Source: 
Scroll.in
https://scroll.in/latest/1068163/rampur-lok-sabha-candidate-claims-returning-officer-refused-to-provide-him-poll-data-moves-court
Author: 
Scroll Staff
Date: 
21.05.2024
City: 

Advocate Mehmood Pracha, who contested as an independent candidate, said that the record of votes polled must mandatorily be provided to him on request.

Advocate Mehmood Pracha, who contested the Lok Sabha elections as an independent candidate from Uttar Pradesh’s Rampur seat, has moved the Supreme Court claiming that the returning officer had not provided him with copies of Form 17C, the record of votes polled in the constituency, Live Law reported.

Pracha filed an intervention application in a petition by the non-governmental organisation Association for Democratic Reforms, which seeks directions to the Election Commission for the immediate release of absolute voter turnout numbers. There was a delay in publishing this data after the first two phases of polling.

Pracha claimed that he wrote to the returning officer on April 30 seeking machine-wise data of total votes cast in the polling, as recorded in Form 17C by presiding officers at polling booths. Polling was held in Rampur on April 19.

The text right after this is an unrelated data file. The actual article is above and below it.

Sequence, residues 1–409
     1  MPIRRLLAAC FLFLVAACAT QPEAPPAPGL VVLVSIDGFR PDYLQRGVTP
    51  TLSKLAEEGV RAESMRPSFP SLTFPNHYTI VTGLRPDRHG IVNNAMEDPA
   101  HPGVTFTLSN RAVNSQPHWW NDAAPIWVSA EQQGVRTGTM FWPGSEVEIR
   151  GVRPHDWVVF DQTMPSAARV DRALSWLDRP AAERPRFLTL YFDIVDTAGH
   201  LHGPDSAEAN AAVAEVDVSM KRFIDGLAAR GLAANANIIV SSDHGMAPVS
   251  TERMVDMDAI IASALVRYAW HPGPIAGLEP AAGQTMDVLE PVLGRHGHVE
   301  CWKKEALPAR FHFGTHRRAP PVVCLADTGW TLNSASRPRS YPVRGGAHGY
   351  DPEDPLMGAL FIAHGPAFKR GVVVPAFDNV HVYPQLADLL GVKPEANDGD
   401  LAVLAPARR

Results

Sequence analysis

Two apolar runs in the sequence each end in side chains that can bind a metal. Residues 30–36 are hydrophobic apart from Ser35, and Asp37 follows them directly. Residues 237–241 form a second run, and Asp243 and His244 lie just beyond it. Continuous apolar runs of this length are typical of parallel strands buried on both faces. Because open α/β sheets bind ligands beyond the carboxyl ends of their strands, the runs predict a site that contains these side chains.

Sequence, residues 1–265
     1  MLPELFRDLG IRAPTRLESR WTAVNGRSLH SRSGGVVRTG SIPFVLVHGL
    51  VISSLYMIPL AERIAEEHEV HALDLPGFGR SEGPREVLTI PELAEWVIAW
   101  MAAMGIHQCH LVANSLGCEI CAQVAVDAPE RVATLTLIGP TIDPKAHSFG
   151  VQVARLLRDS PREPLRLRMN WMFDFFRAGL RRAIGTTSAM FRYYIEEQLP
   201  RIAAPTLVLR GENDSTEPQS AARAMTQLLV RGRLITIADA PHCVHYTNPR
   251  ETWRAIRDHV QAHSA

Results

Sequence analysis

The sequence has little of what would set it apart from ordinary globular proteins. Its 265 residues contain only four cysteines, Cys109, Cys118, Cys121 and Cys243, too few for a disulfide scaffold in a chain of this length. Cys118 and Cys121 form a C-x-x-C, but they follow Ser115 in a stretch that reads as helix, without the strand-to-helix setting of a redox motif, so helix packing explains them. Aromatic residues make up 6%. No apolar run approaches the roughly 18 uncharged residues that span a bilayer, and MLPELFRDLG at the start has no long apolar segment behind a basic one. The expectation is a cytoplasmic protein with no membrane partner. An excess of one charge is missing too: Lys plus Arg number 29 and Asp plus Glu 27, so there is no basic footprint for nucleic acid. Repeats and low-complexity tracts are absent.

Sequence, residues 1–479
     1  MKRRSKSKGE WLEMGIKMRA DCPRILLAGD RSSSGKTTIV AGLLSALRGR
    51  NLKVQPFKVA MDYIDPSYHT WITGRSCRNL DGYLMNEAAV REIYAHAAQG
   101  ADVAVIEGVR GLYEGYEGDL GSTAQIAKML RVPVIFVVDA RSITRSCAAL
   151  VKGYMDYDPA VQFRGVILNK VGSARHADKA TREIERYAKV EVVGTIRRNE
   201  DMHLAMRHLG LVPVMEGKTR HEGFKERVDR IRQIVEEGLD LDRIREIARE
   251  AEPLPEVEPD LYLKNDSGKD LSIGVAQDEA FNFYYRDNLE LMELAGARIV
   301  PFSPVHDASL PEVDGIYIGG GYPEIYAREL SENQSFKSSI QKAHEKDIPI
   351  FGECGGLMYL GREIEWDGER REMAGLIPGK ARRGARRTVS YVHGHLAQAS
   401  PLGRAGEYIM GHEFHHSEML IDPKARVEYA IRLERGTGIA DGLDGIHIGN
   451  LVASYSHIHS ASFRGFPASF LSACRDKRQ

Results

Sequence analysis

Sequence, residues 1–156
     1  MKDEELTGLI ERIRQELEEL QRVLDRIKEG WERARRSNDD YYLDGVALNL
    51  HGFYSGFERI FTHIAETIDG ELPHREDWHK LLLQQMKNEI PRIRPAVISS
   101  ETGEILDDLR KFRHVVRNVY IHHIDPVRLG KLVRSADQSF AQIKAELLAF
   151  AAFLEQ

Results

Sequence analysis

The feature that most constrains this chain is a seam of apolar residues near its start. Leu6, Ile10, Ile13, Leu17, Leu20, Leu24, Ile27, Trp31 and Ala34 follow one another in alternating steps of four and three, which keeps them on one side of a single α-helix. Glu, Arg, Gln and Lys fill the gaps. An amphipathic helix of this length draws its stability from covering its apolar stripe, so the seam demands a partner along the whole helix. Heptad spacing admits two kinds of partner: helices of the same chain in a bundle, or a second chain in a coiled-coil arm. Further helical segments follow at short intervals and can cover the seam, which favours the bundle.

On May 9, the returning officer responded to Pracha claiming that copies of Form 17C for Rampur’s polling booth could not be furnished as the forms had been sealed.

Pracha wrote back, saying that Form 17C is to be kept unsealed in the possession of the returning officer and that the officer is bound to supply copies of the form if sought by the candidates. He cited Rule 93 of the Conduct of Election Rules, 1961, and pointed out that Form 17C is not included in the documents that are to be kept sealed.

Pracha also said that the Handbook for Returning Officer, 2023, a set of guidelines issued by the Election Commission, mandates that copies of Form 17C are to be kept readily available with the returning officer of a constituency after polling concludes.

As part of the Association for Democratic Reforms’ plea, the Supreme Court on May 17 had asked the Election Commission to explain its inability to release absolute voter turnout figures immediately after each phase of the ongoing Lok Sabha elections. The court directed the Election Commission to respond to the petition within a week.

On April 30, the Election Commission published the final voter turnout percentage for the first two phases of the general election. While the first phase recorded a turnout of 66.14%, the second phase recorded a figure of 66.71%. However, the panel did not release the absolute number of voters in each constituency.

The final figures, for both phases, were substantially higher than the Election Commission’s initial estimates. The data was released more than 10 days after the first phase and four days after the second phase of polling.

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